(10) I believe that the New Testament bears witness to some very positive changes in the outlook and ministries of both Paul and Barnabas. Barnabas backed off from taking Mark into the more dangerous areas, choosing instead to take him to Cyprus, where Mark had successfully served, before his desertion at Perga (cf. Acts 13:5, 13). Barnabas also seems to have taken Mark to a ministry of edification in existing churches, as opposed to a front-line ministry of evangelism in hostile territory.337 Barnabas may also have been reminded that one must not only consider the individual, but the cause.338
Paul, on the other hand, may well have grown a great deal through this experience with Mark and Barnabas, and his ministry seems to have been enriched by it. By reducing the number of churches he had to visit, it opened the door to reaching out to new, unreached cities with the gospel. Paul seems to have learned a lesson in choosing to lay hands too quickly on a person, especially one who was not yet proven (cf. 1 Timothy 3:10; 5:22). He may have concluded, as a result of this experience, that in the future he needed to commit himself to faithful, proven men, with gifts similar to his own, so that he could extend and reproduce his own ministry and gift (cf. 2 Timothy 2:2). Paul may have also learned the need to be more sensitive and tender toward those who are not as “thick skinned” as he. I cannot help but see a tenderness and gentleness evidenced in Paul’s letters to Timothy, that does not appear to be present in his dealings with Mark. As I read 1 and 2 Timothy, I see some parallels between Mark’s fears and retreat and Timothy’s uncertainty and hesitancy in ministry, which requires constant encouragement from Paul. Paul seems to have grown in gentleness and understanding, as he deals with Timothy, and I am inclined to think that this experience with Mark was a significant part of his education.339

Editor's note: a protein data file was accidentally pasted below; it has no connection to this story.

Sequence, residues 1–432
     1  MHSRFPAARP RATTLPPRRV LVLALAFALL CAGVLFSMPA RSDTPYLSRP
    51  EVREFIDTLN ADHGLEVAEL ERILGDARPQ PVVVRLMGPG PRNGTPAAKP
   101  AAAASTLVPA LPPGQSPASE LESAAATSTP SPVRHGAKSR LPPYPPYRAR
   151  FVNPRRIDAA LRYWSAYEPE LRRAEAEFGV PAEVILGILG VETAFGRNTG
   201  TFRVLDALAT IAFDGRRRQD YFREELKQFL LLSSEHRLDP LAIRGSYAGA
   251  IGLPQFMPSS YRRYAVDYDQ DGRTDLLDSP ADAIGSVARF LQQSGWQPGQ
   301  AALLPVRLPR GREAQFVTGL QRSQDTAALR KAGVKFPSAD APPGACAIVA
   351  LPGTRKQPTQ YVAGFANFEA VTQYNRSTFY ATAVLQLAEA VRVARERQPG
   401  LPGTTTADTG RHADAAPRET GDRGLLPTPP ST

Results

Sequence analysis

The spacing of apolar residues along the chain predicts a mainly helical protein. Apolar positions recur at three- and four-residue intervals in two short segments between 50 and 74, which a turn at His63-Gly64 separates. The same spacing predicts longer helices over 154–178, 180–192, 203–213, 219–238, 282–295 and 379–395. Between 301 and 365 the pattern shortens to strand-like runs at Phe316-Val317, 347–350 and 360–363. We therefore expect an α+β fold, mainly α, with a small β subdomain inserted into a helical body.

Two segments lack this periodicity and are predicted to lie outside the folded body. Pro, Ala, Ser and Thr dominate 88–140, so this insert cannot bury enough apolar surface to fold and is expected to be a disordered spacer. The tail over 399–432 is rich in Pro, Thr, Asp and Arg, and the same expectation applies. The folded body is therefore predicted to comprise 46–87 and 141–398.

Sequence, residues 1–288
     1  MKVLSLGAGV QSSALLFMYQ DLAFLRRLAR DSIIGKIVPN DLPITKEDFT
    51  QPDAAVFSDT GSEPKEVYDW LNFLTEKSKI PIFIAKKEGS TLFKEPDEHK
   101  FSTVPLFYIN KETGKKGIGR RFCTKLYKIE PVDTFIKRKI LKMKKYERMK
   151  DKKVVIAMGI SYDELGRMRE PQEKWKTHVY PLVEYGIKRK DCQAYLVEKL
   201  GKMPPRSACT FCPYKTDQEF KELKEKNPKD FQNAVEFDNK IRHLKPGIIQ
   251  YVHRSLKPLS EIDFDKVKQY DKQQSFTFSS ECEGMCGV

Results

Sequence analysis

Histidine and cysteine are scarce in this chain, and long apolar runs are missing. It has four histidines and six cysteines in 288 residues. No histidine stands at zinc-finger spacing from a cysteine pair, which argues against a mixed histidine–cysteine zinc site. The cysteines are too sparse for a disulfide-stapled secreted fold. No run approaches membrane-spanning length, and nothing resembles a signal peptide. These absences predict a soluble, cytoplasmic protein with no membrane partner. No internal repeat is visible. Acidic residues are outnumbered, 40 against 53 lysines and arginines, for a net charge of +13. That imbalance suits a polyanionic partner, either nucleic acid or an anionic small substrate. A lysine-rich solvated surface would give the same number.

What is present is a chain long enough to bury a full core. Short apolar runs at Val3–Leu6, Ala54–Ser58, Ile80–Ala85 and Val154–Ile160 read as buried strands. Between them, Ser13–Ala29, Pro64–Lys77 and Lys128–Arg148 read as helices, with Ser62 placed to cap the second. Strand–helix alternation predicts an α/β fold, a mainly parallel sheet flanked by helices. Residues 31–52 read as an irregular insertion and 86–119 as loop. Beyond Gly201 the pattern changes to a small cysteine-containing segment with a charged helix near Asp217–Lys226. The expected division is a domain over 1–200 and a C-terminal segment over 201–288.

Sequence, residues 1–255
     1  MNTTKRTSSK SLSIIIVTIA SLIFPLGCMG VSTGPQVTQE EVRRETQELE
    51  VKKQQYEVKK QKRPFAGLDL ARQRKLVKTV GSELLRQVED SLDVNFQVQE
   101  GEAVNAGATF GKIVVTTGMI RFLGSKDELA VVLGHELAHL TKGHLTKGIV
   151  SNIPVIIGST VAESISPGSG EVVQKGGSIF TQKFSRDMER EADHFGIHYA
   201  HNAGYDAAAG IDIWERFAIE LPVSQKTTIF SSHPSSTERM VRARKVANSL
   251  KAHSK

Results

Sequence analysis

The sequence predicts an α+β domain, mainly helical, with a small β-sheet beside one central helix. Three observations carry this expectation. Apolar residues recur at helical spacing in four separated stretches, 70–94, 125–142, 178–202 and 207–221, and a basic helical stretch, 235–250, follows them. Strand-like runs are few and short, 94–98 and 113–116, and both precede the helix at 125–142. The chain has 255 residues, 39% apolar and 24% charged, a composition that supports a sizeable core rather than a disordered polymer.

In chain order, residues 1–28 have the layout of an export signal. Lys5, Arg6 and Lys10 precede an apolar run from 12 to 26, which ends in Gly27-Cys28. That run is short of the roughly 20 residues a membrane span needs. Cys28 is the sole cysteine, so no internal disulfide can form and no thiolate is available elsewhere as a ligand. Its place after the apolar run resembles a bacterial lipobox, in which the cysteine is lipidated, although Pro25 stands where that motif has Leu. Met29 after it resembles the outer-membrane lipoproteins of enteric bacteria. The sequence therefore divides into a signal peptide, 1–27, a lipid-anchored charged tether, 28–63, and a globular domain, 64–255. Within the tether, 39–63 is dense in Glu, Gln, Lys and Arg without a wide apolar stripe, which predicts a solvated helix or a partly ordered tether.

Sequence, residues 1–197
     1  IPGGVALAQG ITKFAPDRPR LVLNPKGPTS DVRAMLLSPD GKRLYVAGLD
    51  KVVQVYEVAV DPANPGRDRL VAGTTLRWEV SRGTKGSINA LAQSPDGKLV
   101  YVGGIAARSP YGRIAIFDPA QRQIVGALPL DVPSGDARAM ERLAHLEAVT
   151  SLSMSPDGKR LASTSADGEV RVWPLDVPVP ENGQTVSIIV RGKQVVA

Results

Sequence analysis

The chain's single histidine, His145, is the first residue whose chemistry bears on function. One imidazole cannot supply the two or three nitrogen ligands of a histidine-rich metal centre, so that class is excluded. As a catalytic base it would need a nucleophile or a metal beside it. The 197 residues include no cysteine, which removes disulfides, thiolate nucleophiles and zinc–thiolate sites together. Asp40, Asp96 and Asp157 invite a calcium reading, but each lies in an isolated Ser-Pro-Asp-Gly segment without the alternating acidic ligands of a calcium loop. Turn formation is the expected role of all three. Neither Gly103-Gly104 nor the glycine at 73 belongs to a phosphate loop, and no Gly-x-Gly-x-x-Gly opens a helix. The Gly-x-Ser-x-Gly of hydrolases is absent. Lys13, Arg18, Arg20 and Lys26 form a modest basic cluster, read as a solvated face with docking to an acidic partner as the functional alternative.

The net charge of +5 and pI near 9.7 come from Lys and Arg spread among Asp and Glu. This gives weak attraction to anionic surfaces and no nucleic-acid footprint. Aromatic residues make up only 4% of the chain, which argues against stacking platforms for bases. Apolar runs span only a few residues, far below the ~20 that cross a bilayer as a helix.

(11) It appears that Barnabas’ ministry to Paul had come to an end, and that Silas was now the better partner in ministry. One of the strongest gifts of Barnabas was his gift of encouragement (cf. Acts 4:36). Barnabas first came alongside Paul at a time when he was a newly born believer, and when none of the apostles would associate with him, fearing him. Barnabas sought Paul to ministry with him in Antioch, too (Acts 11:25-26). As of Acts 13:9 and following, the need for Barnabas seems to be diminishing. Now, in chapter 15, Mark needed Barnabas’ gift of encouragement much more than Paul did. This strong difference of opinion and of approach was the one means by which God could separate these two “inseparable” friends, brothers, and servants.
The separation of Barnabas paved the way for the selection of Silas (and others, like Timothy and Luke). I am convinced that for the second missionary journey, Silas was a better suited partner than Barnabas. For example, Silas, like Paul, was a Roman citizen (or at least appears to be). I do not know whether or not Barnabas was a Roman citizen. How difficult it would have been for Paul to protest against his unfair treatment as a Roman citizen in Philippi if Barnabas were not a Roman as well (cf. Acts 16:37). If Paul and Barnabas had gone about, reading the decree of the Jerusalem Council it would have had less impact than when Paul and Silas informed the churches of this decision.340 All in all, the gifts and ministries of Silas appear to have been better suited to the second journey than those of Barnabas. And thus God orchestrated a change in personnel, in a most unusual but effective way.